Toyota to “Pause” and “Reduce Resources” in Factories
Kagan Pittman posted on April 15, 2015 |

The Toyota New Global Architecture (TNGA) initiative is the company’s first move in response to a “sudden and drastic” change in their business environment.

Toyota plans to forsake older business practices and reduce costs to put quality over quantity in what seems to be a reaction to the recent global recession.

The Toyota Production Method is widely regarded as the “gold standard” in auto manufacturing.

Factories will face a 20 percent reduction in material investments to achieve “simple and slim” production lines. Plant investment is also planned to go down 50 percent this year from 2008’s numbers.

Is this cause for alarm?

Toyota claims that while it may be taking resources out of their plants, they plan on redistributing them back into the system elsewhere.

What does Toyota’s new business methods mean for the cars?

Toyota’s old model of designing powertrains and platforms separately is gone. The two will now be designed together using lighter components and given lower centers of gravity. New models will have attractive, low-stance designs with more responsive handling and improved collision performance.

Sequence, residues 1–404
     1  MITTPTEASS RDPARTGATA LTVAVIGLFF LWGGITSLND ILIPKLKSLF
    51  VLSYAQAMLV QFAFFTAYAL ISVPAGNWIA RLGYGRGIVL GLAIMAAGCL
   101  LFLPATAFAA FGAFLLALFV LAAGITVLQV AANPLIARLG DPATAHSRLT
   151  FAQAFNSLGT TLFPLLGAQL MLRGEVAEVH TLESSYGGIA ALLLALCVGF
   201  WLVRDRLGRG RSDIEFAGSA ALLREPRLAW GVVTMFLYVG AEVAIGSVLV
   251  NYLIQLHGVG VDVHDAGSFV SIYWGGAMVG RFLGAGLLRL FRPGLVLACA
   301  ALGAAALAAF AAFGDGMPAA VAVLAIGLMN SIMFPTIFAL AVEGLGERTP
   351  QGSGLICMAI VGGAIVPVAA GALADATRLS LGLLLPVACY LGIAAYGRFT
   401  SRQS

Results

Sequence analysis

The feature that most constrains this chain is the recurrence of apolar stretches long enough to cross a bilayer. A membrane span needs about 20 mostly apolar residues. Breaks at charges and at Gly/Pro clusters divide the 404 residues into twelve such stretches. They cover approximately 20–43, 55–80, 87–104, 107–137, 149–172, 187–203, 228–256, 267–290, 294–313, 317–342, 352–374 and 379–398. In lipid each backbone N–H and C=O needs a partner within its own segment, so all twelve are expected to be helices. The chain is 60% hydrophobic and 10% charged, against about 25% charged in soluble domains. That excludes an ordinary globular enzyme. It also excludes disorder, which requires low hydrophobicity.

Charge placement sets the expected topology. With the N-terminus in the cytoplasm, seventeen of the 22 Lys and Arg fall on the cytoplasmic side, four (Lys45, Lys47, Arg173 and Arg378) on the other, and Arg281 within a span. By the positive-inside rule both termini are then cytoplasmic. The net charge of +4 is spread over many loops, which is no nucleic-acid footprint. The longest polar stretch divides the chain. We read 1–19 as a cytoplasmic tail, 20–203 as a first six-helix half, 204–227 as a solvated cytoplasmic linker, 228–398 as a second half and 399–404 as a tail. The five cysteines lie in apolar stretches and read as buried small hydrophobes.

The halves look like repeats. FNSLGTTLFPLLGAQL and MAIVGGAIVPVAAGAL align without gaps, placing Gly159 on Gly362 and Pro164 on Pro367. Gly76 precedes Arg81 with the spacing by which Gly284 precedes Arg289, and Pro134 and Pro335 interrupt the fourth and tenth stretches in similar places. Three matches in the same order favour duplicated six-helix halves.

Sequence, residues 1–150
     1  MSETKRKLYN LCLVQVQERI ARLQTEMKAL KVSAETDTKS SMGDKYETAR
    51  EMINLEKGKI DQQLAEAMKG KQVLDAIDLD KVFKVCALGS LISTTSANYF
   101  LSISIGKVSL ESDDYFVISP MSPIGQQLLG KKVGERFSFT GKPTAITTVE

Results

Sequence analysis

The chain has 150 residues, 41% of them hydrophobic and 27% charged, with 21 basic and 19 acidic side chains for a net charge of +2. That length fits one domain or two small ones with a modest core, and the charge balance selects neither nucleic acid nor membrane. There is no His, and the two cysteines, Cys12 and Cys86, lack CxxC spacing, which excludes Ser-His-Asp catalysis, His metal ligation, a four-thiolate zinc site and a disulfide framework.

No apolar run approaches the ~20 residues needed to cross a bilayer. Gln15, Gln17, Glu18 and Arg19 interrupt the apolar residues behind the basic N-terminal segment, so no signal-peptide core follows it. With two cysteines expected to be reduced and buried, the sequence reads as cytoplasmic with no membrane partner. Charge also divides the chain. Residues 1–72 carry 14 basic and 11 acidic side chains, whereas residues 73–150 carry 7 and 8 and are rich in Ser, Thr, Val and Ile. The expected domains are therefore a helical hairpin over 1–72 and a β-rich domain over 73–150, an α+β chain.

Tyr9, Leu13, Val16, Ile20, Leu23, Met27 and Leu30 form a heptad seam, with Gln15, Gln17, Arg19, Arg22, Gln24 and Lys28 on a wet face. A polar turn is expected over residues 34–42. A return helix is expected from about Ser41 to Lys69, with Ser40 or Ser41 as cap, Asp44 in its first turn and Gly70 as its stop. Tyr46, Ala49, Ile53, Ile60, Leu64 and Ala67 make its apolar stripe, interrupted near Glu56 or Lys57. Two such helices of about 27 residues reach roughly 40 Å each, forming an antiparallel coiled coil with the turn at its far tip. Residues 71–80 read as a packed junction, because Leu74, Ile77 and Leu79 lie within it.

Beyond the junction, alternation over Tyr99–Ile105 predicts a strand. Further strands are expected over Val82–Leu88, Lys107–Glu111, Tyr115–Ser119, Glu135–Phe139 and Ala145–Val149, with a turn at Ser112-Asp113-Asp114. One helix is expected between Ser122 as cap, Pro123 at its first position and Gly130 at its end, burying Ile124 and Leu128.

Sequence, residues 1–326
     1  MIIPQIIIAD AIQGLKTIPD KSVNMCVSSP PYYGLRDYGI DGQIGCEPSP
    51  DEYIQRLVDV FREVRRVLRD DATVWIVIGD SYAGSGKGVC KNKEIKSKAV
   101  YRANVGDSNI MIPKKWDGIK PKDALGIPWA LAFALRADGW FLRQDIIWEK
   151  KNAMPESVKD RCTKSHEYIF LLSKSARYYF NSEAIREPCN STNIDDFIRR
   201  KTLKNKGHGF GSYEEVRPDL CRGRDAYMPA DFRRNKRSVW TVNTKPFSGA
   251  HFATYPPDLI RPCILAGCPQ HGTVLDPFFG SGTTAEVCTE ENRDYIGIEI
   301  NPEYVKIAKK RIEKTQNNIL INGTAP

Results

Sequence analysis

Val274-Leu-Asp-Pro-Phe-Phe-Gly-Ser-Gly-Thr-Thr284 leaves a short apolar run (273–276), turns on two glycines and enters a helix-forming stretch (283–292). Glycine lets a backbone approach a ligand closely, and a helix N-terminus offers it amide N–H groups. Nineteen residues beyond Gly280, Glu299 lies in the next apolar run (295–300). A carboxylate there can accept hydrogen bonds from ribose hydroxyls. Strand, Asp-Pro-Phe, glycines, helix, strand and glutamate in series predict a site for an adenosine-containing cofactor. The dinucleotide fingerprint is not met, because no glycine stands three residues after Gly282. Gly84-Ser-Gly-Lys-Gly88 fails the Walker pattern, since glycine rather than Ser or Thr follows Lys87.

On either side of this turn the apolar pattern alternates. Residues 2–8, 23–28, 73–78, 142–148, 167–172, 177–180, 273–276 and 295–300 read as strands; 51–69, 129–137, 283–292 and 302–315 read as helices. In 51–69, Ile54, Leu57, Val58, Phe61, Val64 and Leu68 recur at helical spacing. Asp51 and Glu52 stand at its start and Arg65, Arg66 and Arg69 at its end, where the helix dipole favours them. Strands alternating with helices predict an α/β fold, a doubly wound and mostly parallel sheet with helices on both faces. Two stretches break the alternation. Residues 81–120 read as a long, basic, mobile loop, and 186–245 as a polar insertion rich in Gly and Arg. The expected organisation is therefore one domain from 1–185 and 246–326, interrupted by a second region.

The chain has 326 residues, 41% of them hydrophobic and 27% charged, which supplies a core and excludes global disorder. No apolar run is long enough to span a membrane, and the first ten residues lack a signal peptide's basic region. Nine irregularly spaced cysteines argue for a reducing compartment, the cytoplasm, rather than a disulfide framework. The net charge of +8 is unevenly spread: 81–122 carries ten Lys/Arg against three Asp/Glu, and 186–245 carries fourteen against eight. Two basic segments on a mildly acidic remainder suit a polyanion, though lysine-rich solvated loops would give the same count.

Toyota also expects improvements with engine and transmission efficiency. The company predicts improved fuel consumption by 25 percent with a 15 percent increase in overall power output.

Hybrid cars are also getting a makeover. Design teams are looking to create smaller electric motors, inverters and batteries with a predicted 15 percent increase in fuel efficiency.

New laser technology to speed up assembly lines

Toyota’s newer lines of vehicle bodies will be more rigid than ever. Body components will be joined together using an advanced form of laser spot welding Toyota calls “laser screw welding” (LSW).

LSW is designed for faster and more efficient welding for both steel and aluminum bodies when compared to spot welding. In its initial form, laser screw welding will alternate with spot welds on car bodies.

The new technology is also predicted to contribute to a 55 percent decrease in plant C02 emissions.

Toyota’s manufacturing process began utilizing laser screw welding in 2013. Will laser screw welding replace spot welding in the near future? To learn more about LSW and Toyota New Global Architecture, read on with us here.

Toyota predicts their new powertrains and platforms to represent half of sales by 2020.

Toyota New Global Architecture

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